Benzimidazole inhibitors from the Niclosamide chemotype inhibit Wnt/β-catenin signaling with selectivity over effects on ATP homeostasis.

Journal Article (Journal Article)

The Wnt signaling pathway plays a key role in organ and tissue homeostasis, and when dysregulated, can become a major underlying mechanism of disease, particularly cancer. We reported previously that the anthelmintic drug Niclosamide inhibits Wnt/β-catenin signaling and suppresses colon cancer cell growth in vitro and in vivo. To define Niclosamide's mechanism of Wnt/β-catenin inhibition, and to improve its selectivity and pharmacokinetic properties as an anticancer treatment, we designed a novel class of benzimidazole inhibitors of Wnt/β-catenin signaling based on SAR studies of the Niclosamide salicylanilide chemotype. Niclosamide has multiple biological activities. To address selectivity in our design, we interrogated a protonophore SAR model and used the principle of conformational restriction to identify novel Wnt/β-catenin inhibitors with less effect on ATP cellular homeostasis. These studies led to the identification of 4-chloro-2-(5-(trifluoromethyl)-1H-benzo[d]imidazol-2-yl) phenol (4) and related derivatives with greater selectivity for Wnt/β-catenin signaling inhibition vs. differential effects on cellular ATP homeostasis. This is the first report that the Wnt signaling inhibitory activity of Niclosamide can be translated into a new chemical class and to show that its effects on ATP homeostasis can be separated from its inhibitory effects on Wnt signaling. These compounds could be useful tools to elucidate the mechanism of Niclosamide's inhibition of Wnt signaling, and aid the discovery of inhibitors with improved pharmacologic properties to treat cancer and diseases in which Niclosamide has important biological activity.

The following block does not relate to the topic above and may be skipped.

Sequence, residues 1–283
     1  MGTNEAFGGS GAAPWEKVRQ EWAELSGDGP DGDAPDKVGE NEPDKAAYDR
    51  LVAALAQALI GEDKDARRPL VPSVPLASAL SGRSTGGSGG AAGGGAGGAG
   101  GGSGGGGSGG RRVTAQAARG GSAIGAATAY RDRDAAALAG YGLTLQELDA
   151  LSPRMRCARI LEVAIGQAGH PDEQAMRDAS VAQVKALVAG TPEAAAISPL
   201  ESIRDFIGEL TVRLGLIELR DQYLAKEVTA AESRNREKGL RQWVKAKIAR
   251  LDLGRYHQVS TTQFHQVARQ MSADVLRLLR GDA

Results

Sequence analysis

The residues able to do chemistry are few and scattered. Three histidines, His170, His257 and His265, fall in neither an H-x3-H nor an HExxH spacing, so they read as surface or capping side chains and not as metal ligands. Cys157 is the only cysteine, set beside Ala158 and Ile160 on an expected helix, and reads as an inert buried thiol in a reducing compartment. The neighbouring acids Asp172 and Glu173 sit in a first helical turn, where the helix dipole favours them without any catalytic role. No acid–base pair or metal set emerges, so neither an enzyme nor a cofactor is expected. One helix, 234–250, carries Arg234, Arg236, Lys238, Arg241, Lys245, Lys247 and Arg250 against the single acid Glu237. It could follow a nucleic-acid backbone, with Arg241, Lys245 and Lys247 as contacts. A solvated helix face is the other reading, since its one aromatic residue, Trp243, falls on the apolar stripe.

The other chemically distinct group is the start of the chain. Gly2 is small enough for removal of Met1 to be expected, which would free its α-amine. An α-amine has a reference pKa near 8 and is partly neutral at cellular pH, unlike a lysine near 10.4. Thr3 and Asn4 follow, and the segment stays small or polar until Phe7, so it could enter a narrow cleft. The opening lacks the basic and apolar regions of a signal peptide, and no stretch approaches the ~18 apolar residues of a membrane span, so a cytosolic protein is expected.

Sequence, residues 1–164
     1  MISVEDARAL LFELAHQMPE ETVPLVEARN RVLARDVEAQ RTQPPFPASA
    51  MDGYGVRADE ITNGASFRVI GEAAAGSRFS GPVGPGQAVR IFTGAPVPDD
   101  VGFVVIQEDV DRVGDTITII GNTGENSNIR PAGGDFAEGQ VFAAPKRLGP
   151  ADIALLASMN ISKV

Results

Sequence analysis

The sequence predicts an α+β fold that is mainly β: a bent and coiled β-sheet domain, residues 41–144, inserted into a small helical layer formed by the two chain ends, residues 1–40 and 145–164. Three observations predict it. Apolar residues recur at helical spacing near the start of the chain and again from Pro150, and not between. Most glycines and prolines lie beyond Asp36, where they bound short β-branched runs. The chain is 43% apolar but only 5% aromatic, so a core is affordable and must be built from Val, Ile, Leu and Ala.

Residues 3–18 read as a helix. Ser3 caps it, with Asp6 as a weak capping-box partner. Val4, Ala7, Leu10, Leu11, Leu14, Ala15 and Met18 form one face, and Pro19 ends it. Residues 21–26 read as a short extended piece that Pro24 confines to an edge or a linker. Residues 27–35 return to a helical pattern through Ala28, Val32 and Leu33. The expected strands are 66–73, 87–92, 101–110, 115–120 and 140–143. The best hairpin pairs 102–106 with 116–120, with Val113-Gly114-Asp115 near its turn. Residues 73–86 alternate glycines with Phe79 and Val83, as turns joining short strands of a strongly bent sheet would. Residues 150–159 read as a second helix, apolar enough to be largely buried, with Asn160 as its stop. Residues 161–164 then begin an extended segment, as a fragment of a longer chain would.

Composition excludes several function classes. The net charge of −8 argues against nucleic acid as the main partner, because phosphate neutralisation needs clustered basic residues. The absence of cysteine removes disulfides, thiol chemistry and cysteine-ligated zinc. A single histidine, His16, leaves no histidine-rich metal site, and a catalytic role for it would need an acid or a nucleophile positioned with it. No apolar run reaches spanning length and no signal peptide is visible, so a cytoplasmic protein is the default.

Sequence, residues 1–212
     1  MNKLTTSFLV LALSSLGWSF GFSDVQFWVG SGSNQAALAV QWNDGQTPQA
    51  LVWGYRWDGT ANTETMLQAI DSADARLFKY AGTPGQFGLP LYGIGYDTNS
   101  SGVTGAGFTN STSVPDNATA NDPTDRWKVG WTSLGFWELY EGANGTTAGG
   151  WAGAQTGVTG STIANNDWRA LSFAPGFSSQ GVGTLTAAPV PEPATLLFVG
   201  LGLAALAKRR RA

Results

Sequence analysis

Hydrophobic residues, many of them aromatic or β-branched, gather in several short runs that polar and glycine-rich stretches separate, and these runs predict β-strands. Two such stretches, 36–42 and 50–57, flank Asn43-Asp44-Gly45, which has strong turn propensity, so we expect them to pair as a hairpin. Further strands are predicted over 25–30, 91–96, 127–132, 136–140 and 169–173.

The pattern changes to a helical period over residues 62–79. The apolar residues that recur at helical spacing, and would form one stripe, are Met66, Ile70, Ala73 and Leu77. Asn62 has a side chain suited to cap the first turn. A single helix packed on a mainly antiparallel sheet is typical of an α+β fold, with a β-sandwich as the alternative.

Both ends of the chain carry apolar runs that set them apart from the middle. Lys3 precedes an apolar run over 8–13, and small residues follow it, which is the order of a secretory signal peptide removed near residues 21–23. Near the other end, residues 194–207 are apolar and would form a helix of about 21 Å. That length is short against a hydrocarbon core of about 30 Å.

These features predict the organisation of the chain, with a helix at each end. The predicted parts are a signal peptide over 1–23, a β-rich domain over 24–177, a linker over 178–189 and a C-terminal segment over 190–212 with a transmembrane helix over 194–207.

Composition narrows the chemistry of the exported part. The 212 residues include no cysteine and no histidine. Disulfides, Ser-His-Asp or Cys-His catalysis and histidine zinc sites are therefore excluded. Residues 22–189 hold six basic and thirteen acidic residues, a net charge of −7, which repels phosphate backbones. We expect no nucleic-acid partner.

Full Text

Duke Authors

Cited Authors

  • Mook, RA; Ren, X-R; Wang, J; Piao, H; Barak, LS; Kim Lyerly, H; Chen, W

Published Date

  • March 15, 2017

Published In

Volume / Issue

  • 25 / 6

Start / End Page

  • 1804 - 1816

PubMed ID

  • 28233680

Pubmed Central ID

  • PMC5490664

Electronic International Standard Serial Number (EISSN)

  • 1464-3391

Digital Object Identifier (DOI)

  • 10.1016/j.bmc.2017.01.046


  • eng

Conference Location

  • England